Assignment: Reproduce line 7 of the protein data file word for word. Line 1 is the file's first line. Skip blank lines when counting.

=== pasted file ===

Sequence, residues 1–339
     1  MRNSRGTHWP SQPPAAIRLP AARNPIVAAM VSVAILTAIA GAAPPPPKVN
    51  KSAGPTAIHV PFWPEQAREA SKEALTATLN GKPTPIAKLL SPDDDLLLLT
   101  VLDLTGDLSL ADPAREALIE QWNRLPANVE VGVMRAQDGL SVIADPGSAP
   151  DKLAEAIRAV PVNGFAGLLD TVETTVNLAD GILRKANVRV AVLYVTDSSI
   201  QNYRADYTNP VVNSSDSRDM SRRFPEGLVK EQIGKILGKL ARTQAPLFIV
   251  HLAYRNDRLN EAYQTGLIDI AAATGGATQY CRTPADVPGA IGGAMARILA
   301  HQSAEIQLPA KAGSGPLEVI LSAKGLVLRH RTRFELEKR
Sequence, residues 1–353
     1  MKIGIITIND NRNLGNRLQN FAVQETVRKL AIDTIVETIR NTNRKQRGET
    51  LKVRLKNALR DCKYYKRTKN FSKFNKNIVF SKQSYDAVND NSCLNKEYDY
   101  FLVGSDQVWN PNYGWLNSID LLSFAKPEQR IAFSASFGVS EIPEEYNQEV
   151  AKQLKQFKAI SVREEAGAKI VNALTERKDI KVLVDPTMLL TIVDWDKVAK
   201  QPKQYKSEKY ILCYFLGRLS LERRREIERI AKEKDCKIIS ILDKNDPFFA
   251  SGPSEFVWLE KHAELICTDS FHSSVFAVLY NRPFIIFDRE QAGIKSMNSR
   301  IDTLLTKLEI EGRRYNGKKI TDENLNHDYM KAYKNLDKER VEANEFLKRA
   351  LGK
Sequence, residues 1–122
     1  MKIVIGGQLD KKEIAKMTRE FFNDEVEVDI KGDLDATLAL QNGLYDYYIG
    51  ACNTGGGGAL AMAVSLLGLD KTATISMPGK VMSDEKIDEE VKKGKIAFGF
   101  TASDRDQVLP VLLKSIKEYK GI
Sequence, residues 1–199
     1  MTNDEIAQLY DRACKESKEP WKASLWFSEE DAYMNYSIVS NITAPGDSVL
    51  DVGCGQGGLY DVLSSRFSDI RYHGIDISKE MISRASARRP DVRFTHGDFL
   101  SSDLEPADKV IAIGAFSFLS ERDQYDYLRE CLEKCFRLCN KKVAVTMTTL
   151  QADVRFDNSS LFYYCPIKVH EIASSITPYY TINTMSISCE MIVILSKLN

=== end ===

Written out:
   251  HLAYRNDRLN EAYQTGLIDI AAATGGATQY CRTPADVPGA IGGAMARILA